An enhanced transparency framework is a central element to implementing the Paris Agreement. Article 13 provides for an enhanced transparency framework, including common modalities, procedures and guidelines (MPG) with built-in flexibility. Flexibility is to built-in by drawing on collective experience and is to be provided to developing countries that need it in the light of their capacities.
Flexibility seems a simple, clear requirement, right? Well, it seems not. The discussion about flexibility has become surprisingly difficult. This is due, in my view, to two unhelpful narratives being told: One that seeks to pin down flexibility or assume it only comes in two parts. This informal note proposes a more helpful narrative – and that we move on to specifics.
Just briefly, the two narratives which seem to take us backwards. The one narrative seems worried that flexibility is the enemy of robustness. It frames a high standard and requires a justification (or explanation, or some softer word, but basically the same thing) from those who deviate from the gold standard. It turns capacity into criteria. It even suggests that experts might review flexibility. Basically, it does not trust that Parties will exercise flexibility, even once this has been written into section of the MPG. Hence the tellers of this narrative want agency to rest with others than Parties– experts, or in one extremist version, even the CMA. And deep-down, the tellers of this narrative really want one single system, which just happens to be the system they are implementing. That is just not what was agreed in Paris and, in my view, this narrative is deeply mistaken. If it is imposed, it is likely to drive many to argue the two-part narrative.
Another narrative holds that flexibility means dividing transparency into two parts – one for developed and one for developing countries. A bifurcated approach is not consistent with “common” MPG. And flexibility simply can mean three, four or many options, not just two. If one reads the Paris Agreement carefully, one finds that the enhanced transparency framework is characterized neither as ‘common’ nor ‘differentiated’. Article 13 is neither a bifurcated system, nor a single common framework. The only adjective qualifying “transparency framework” in Article 13 is “enhanced”. The word ‘common’ is applied to MPG, but not to the framework as a whole.
So what might be a more helpful narrative on flexibility?
A plain reading of Art 13.1 and 13.2 that flexibility is a right and is clearly given in Article 13. Flexibility is “built-in”, drawing on collective experience. That experience clearly includes elements that are common, as well as others that are differentiated. Flexibility is something that “shall be provided” to developing countries – indeed those that need it in the light of capacities, but without any requirement to justify. In Paris, we all agreed flexibility would be written into a common MPG. That is the task at hand – and quite a bit of work needs to be done by Katowice.
Rather than argue about flexibility in general, the built-in flexibility narrative suggests focusing on specific provisions within the MPG. A clear and limited set of options for flexibility can be agreed in relation to elements of the MPG. There may be some elements not even requiring any options – national institutional arrangements being a case in point.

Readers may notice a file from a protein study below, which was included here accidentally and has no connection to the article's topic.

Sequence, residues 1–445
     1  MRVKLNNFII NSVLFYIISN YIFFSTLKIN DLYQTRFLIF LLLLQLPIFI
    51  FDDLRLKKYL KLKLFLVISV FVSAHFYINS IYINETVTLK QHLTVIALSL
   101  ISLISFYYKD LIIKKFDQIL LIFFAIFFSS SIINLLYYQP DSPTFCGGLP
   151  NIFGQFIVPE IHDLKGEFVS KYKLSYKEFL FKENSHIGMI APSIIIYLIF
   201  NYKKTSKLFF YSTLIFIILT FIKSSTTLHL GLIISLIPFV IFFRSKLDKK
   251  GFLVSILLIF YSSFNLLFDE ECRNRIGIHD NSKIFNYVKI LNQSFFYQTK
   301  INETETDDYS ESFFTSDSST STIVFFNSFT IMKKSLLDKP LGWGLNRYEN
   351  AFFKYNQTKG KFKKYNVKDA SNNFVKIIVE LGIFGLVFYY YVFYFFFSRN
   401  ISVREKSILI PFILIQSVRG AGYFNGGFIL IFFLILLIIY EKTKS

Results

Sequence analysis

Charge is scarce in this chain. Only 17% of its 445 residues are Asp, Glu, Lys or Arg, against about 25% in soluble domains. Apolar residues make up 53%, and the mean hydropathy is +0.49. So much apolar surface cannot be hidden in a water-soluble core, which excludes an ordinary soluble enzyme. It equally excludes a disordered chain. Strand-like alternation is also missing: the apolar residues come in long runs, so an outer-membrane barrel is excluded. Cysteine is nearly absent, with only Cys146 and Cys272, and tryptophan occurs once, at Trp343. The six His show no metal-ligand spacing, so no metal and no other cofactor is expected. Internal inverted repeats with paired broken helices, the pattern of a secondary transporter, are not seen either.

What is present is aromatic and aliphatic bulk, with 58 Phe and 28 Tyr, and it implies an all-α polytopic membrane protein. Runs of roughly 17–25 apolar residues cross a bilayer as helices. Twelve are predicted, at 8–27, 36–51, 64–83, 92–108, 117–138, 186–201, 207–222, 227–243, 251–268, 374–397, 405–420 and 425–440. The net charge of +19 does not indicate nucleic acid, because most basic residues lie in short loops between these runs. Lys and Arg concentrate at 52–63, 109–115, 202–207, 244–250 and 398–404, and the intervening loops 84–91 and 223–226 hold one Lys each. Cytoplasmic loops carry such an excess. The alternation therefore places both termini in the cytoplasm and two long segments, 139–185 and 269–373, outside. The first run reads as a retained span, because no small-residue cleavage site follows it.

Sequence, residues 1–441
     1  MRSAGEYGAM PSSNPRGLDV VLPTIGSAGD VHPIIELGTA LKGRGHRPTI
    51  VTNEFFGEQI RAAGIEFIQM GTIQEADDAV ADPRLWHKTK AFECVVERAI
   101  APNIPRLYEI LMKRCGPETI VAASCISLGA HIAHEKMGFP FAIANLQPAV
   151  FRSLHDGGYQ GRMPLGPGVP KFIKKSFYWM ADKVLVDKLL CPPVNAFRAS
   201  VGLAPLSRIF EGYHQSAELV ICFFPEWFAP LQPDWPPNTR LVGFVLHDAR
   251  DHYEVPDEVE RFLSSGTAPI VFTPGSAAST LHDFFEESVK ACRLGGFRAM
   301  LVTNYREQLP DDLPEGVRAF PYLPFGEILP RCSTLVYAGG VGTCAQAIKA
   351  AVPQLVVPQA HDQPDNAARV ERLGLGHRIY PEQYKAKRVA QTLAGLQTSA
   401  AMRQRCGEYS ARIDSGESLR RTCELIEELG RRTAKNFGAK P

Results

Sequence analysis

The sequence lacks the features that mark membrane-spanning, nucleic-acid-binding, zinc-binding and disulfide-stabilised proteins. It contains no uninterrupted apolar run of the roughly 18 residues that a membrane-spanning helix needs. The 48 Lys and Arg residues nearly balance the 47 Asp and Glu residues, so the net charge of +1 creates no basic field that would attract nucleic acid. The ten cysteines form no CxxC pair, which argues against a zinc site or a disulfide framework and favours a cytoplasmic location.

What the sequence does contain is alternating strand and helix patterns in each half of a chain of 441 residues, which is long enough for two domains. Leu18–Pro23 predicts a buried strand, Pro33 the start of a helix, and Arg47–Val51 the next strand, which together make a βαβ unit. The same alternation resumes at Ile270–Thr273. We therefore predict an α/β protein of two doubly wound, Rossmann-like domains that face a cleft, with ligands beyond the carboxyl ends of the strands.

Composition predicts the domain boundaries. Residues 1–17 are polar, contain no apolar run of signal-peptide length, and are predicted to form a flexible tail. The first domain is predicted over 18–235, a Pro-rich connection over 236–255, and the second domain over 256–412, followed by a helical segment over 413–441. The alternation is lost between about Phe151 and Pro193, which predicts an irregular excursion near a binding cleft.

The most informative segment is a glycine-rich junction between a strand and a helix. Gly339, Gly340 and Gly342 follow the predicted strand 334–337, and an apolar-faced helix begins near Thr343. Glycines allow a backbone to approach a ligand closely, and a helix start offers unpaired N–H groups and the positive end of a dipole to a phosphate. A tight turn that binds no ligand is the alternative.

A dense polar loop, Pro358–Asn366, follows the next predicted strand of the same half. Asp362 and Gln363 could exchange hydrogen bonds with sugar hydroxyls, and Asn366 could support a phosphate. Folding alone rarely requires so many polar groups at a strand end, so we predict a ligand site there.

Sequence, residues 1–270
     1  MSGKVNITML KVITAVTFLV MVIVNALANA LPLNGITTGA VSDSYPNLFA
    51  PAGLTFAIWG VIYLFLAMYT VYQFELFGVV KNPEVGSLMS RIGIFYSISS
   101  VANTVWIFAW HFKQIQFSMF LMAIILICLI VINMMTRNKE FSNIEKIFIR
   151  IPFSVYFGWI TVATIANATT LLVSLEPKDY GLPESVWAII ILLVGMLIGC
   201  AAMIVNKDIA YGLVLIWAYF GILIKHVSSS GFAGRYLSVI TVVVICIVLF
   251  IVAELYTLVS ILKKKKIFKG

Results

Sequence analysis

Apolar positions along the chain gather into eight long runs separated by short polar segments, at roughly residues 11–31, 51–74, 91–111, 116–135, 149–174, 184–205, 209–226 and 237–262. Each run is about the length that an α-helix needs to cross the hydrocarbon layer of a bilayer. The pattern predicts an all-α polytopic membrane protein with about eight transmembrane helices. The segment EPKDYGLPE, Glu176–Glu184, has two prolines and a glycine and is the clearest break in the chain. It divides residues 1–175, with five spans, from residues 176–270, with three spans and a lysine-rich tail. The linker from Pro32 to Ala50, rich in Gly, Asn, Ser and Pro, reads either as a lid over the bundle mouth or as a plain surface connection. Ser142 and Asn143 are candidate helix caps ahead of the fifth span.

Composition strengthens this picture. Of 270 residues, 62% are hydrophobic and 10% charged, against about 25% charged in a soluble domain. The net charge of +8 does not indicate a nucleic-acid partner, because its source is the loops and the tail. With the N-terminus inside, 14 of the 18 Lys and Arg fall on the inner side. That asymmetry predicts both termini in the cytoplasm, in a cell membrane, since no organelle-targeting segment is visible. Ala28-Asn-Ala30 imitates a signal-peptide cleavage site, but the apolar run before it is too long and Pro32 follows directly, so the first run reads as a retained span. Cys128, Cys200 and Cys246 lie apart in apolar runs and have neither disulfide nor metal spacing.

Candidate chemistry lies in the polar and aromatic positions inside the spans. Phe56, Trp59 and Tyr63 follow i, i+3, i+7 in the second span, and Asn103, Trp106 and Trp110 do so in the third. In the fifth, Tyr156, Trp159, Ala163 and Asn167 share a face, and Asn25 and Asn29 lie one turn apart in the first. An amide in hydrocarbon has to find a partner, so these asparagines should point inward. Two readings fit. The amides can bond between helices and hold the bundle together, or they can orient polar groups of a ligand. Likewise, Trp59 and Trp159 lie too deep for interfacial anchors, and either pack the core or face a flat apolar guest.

It is worth pointing out that within the current system, the developing country guidelines for reporting contain a lot of flexibility themselves, i.e. the flexibility in the system is not confined to having two sets of guidelines, but is built into developing country guidelines.
The Paris Agreement affirms flexibility, linked it to capacity and also the provision of capacity – both in 13.14 and importantly ‘on a continuous basis’ in 13.15. It is the enhanced human and institutional capacity that will make a difference to transparency in developing countries. Article 13.11 states that the review team “shall” include assistance in identifying capacity-building needs, and 13.12 states that the review team “shall” identify” “areas of improvement”. The construct here is that Parties identify their capacity-building needs, and the role of TER teams is to assist them in this regard. Once we have written flexibility into the MPG, flexibility should be defined by the Party.
The review teams may identify areas of improvement – again these are most helpfully in support of areas the Party itself has identified would benefit from improvement. We should speak of planned improvements by Parties – and have TER teams assist with those improvements, perhaps during an in-country visit or by identifying means of improvement. What is crucial in this narrative is that the Party is in charge, not the TER team. The Party should identify where it can make planned improvements, where it needs capacity, and TERs should assist.
A narrative that recognizes different starting points, focuses on planned improvements by the Party, and supporting capacity on a continuous basis to implement such improvements – such a narrative is constructive for negotiations.